I read a lot and learned way more than I ever wanted to know about late tomato blight! I learned that late tomato blight is transmitted through the air and can travel miles and cross state lines. It was responsible for the Irish potato famine of the 1800s. I learned that the weather Ohio had this summer played a huge part in late tomato blight with a lot of rain and except for one week of exceptionally hot weather, for the most part it was a cooler summer. I learned that late blight also affects the tomato itself and not just the stalk and the leaves. I learned that once your plants have blight it is next to impossible to save them, blight spreads FAST!! I garden organically so I am torn as to whether I would use preventative measures next year if we had the same kind of weather, but leaning to taking a chance and not using chemicals. Following are some photos to help identify late tomato blight:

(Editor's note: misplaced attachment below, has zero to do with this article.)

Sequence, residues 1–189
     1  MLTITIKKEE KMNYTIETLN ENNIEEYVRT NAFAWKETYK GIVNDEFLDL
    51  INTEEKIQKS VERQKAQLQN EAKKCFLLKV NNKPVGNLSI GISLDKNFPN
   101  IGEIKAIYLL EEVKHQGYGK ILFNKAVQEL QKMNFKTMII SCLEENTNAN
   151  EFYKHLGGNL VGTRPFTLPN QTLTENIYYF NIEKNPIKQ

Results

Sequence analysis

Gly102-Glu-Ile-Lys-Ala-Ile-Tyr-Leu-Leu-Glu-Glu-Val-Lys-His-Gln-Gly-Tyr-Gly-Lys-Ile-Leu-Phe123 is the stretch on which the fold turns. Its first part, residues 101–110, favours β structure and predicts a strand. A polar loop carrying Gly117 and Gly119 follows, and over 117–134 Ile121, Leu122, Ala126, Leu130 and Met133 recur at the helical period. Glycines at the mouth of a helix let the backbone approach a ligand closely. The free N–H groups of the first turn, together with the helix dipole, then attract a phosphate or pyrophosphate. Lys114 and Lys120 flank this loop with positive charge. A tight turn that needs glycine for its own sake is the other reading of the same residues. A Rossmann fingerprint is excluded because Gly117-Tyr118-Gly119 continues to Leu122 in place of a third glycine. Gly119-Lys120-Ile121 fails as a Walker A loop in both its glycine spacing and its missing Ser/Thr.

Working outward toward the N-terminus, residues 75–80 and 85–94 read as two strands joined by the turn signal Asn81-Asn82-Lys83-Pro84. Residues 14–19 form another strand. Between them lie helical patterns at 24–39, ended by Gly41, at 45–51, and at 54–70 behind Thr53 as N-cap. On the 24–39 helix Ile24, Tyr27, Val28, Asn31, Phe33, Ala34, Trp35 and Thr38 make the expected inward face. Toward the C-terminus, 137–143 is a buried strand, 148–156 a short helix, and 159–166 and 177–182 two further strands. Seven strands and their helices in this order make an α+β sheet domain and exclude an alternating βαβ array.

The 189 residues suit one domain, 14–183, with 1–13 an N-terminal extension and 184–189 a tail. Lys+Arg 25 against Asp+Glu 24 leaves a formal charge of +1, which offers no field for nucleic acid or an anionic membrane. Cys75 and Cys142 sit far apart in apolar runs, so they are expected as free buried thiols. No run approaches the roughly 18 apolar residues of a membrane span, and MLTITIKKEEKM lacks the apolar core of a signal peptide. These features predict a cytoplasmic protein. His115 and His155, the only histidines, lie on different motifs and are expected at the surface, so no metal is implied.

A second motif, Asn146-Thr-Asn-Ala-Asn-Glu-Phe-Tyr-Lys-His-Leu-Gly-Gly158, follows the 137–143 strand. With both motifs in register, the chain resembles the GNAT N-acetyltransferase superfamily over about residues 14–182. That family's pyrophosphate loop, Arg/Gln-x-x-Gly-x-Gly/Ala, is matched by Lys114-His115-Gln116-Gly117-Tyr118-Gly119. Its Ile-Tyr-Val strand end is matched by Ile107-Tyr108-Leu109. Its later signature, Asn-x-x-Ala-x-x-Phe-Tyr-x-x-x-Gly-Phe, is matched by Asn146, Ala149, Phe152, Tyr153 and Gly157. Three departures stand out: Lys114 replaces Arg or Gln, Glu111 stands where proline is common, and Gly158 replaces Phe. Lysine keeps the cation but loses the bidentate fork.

Late blight first appearing on leaves
and progresses to the bottom photo quickly!
Affected tomatoes look like this:
One basket of 4 containers of green tomatoes:
I also learned that I never want to experience late tomato blight again!
It was a very, very sad evening in the garden. But … there is always next summer and I plan on growing tomatoes again … after all, you can’t have a garden without tomatoes and I’m optimistic that next summer will be blight free!
I am so sorry to learn about your tomatoes. Yes, I too would have tears, lots and lots of tears, running down my cheeks. I am keeping a close eye on my plants as late blight has been reported in Westchester County which is south of us, fingers crossed. Fortunately we gardeners are an optimistic bunch and know there is always next year.
Thank you Norma. I’ll keep my fingers crossed for you too and hope the blight avoids your area!
Have you tried hydroponics??? It cuts down significantly on disease and insects. You can also regulate the watering schedule to insure your plants thrive. I started tomatoes from seed here in the Rockies while everyone laughed. Had great results. My only problem was hail, but with hydroponics, the plants are light enough to move freely.